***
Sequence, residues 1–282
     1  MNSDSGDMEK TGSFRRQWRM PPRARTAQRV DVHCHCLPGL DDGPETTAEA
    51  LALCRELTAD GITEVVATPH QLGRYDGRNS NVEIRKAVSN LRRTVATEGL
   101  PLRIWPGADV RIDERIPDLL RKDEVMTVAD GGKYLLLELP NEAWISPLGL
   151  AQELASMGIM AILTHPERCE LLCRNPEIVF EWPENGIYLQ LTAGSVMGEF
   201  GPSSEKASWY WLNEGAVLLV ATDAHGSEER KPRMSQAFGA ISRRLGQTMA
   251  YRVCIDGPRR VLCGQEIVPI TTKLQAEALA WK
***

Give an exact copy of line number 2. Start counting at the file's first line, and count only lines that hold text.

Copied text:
     1  MNSDSGDMEK TGSFRRQWRM PPRARTAQRV DVHCHCLPGL DDGPETTAEA